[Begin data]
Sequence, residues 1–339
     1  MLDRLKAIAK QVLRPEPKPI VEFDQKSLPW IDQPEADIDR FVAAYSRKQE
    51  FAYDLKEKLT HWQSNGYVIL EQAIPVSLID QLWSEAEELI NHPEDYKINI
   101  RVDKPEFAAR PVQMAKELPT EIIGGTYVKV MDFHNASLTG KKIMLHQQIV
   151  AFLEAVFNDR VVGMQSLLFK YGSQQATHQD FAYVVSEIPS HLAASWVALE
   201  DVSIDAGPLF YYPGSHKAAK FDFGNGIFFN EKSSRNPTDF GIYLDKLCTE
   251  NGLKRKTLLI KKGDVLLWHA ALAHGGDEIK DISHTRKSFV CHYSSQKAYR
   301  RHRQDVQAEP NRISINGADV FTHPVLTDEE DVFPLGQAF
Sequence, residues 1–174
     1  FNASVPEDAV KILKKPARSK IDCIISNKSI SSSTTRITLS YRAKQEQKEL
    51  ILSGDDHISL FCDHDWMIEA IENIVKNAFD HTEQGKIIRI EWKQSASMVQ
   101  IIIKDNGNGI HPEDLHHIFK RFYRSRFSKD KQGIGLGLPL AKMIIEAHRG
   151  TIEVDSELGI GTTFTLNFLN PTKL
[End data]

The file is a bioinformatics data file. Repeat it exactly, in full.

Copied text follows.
Sequence, residues 1–339
     1  MLDRLKAIAK QVLRPEPKPI VEFDQKSLPW IDQPEADIDR FVAAYSRKQE
    51  FAYDLKEKLT HWQSNGYVIL EQAIPVSLID QLWSEAEELI NHPEDYKINI
   101  RVDKPEFAAR PVQMAKELPT EIIGGTYVKV MDFHNASLTG KKIMLHQQIV
   151  AFLEAVFNDR VVGMQSLLFK YGSQQATHQD FAYVVSEIPS HLAASWVALE
   201  DVSIDAGPLF YYPGSHKAAK FDFGNGIFFN EKSSRNPTDF GIYLDKLCTE
   251  NGLKRKTLLI KKGDVLLWHA ALAHGGDEIK DISHTRKSFV CHYSSQKAYR
   301  RHRQDVQAEP NRISINGADV FTHPVLTDEE DVFPLGQAF
Sequence, residues 1–174
     1  FNASVPEDAV KILKKPARSK IDCIISNKSI SSSTTRITLS YRAKQEQKEL
    51  ILSGDDHISL FCDHDWMIEA IENIVKNAFD HTEQGKIIRI EWKQSASMVQ
   101  IIIKDNGNGI HPEDLHHIFK RFYRSRFSKD KQGIGLGLPL AKMIIEAHRG
   151  TIEVDSELGI GTTFTLNFLN PTKL